Gold Looks Good As Recession Fears Grow - State Street Global Advisors
(Kitco News) - While gold prices can still push lower in the near-term as surging momentum in the U.S. dollar dominates the market, one precious metals analyst says that investors should keep an eye on long-term fundamentals, particularly as the threat of a recession rises.
George Milling-Stanley, head of gold investments at State Street Global Advisors
In an interview with Kitco News, George Milling-Stanley, head of gold investments at State Street Global Advisors, said that he doesn’t understand the recent price action in gold as the market is ignoring significant economic issues.
His comments come as gold prices have hit a new 12-month low with many analysts now watching critical support at $1,200 an ounce. August gold futures last traded at $1,222.30 an ounce, down nearly 0.46% on the day.
The precious metal has lost 10% since its downtrend started in April. The world's biggest gold-backed exhange traded product SPDR Gold Shares (NYSE: GLD) has seen outflows of 77.19 metric tons from its gold holdings since its April highs.
Looming uncertainty throughout the marketplace, rising inflation and current economic conditions don’t justify gold’s lackluster performance, said Milling-Stanley. In particular, the growing threat of a recession is something worth watching closely, he said.
“We are still mired in a low and negative interest rate enviroment but what I am particularly worried about is that the yield curve is flattening and could eventually invert,” he said.
Milling-Stanley noted that a yield curve inversion, where short-term yields rise above long-term yields, has correctly predicted a recession seven times.
Currently, the spread between 2-year bond yields and 10-year bond yields is at 24 basis-points, the narrowest range in 11 years, according to data from the St. Louis Federal Reserve.
“I would expect investment demand for gold to rebound if we slide into a recession and I think there is a significant chance of doing that,” he said.
However, Milling-Stanley acknowledged that recession fears are the farthest thing from investors’ minds as they are comfortable chasing rising equity markets.
“I can’t understand why people’s perception of risk seems to have ratcheted down quite significantly in the last few months,” he said. “Circumstances have not improved to the extent to where I would personally want to be taking on more risks. If anything, the circumstances have deteriorated with the continued rise in equities.”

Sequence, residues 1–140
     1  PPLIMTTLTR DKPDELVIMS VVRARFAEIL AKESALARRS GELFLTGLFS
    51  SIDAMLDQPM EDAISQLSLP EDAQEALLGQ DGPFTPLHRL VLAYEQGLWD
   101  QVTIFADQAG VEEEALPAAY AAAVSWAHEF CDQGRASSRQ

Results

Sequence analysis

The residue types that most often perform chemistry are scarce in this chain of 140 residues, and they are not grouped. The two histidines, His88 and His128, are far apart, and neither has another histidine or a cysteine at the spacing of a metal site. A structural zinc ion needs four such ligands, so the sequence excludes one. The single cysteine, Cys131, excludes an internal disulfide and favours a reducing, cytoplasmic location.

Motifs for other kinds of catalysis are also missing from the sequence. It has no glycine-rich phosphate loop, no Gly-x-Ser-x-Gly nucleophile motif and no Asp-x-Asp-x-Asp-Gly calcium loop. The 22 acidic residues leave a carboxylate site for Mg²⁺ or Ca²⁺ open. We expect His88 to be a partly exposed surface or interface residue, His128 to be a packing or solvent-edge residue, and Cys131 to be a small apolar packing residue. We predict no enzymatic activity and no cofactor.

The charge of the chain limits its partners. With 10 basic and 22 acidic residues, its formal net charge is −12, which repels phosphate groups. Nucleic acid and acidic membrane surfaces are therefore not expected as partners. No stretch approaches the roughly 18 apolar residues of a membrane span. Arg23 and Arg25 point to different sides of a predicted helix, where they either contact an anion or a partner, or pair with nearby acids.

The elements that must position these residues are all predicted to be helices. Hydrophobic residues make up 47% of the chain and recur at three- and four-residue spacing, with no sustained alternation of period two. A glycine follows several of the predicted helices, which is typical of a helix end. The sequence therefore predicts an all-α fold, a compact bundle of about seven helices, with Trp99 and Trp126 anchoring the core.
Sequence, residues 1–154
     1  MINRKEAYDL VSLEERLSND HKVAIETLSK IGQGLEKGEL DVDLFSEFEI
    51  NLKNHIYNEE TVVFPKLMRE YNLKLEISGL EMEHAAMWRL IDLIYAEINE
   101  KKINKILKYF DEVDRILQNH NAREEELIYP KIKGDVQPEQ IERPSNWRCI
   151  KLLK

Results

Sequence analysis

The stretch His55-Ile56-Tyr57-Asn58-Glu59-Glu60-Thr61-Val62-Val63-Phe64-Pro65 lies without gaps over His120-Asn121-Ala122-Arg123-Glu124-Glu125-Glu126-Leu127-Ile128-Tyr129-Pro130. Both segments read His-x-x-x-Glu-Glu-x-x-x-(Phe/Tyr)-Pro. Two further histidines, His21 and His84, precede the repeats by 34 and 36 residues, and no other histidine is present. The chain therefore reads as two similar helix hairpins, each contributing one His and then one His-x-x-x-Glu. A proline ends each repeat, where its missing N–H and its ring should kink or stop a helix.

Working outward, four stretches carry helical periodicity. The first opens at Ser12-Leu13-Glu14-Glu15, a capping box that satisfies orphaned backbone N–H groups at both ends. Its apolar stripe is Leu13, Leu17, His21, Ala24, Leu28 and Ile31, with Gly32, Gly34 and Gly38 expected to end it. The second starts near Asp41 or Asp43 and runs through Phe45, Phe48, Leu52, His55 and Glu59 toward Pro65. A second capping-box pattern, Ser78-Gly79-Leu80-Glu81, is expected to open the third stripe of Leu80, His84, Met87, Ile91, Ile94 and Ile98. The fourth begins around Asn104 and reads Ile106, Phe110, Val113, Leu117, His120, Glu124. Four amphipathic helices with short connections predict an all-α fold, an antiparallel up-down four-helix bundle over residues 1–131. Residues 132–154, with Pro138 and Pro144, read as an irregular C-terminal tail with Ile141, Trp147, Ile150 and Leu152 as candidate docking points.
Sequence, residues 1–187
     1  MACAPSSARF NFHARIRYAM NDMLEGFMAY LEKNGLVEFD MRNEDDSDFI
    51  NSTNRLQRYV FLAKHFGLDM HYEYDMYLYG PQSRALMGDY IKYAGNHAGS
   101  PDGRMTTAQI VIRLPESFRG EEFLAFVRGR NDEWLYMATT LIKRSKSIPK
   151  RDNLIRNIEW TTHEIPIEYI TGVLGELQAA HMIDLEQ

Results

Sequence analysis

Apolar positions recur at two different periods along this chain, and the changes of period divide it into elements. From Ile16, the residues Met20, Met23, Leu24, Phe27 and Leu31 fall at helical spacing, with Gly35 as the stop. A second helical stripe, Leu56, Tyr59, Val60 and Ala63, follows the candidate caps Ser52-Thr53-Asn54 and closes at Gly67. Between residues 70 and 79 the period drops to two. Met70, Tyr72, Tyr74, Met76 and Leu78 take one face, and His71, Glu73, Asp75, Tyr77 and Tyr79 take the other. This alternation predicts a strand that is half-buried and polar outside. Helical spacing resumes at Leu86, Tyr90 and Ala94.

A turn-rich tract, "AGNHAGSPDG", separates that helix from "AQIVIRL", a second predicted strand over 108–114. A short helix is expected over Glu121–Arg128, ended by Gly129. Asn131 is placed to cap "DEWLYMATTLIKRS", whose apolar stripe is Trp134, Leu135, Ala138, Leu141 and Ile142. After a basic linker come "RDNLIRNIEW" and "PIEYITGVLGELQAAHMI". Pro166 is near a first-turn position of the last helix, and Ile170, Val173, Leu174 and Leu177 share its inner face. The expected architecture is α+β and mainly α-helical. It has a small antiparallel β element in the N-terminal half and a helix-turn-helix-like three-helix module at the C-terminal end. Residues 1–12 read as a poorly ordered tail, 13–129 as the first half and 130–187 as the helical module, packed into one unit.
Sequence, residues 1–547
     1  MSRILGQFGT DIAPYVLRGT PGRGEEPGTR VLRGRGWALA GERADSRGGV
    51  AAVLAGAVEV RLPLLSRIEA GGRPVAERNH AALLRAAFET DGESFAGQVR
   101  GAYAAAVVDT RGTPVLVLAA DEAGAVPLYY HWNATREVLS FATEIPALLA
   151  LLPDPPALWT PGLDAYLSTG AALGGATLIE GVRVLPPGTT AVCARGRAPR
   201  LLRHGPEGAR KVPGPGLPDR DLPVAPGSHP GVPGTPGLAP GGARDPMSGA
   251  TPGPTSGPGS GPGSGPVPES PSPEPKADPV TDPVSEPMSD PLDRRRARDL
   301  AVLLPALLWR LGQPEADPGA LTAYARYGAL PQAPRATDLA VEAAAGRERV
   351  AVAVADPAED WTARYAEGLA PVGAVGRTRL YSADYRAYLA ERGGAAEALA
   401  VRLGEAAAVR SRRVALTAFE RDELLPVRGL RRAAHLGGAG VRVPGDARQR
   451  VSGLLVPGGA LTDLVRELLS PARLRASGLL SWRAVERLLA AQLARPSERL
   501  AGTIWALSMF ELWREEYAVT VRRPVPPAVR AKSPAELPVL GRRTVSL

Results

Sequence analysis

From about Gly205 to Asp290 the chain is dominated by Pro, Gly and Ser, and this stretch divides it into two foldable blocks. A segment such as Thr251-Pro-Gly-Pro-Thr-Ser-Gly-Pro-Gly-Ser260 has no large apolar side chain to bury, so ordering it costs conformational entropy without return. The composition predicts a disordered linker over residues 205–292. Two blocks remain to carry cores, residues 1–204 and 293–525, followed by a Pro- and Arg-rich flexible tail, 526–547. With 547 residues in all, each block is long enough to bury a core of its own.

There Are Pockets Of Strength In The Gold Market
Although the gold market has significantly deflated in the last three months, Milling-Stanley said that he sees signs of pent-up demand, especially among cost-conscious investors.
SPDR Shares Gold MiniShares (NYSE: GLDM) exchange-traded product, launched just last month with the lowest management fees in the marketplace at 18 basis points, has already seen its inflows increase by $44 million.
“To me, there are signs of hope in the way GLDM has been warmly embraced by investors and I think it is only a matter of time before we start to see flows back into GLD,” he said.
SPDR Shares Long Dollar Gold Trust (NYSE: GLDW), is another gold-backed product that could start to attract investor interest in the current environment, said Milling-Stanley.
He explained that the ETF was created to remove the influence of a strong U.S. dollar.
“Effectively investors are playing for their gold allocation in foreign currencies rather than in U.S. dollar,” he said. “Now, wehave the ideal environment for GLDW and I expect that this will attract some attention once investors face the reality that equities are not going to go up forever.”
As for what will bring investors back to the marketplace in a significant way, Milling-Stanley said that prices have to move higher. He added that investors need to be confident that the current downtrend is over.
Although gold has struggled in recent months, Milling-Stanley said that the market’s long-term potential remains intact.
“If you take the long view, then gold is still an investment that will help your risk-adjusted returns,” he said.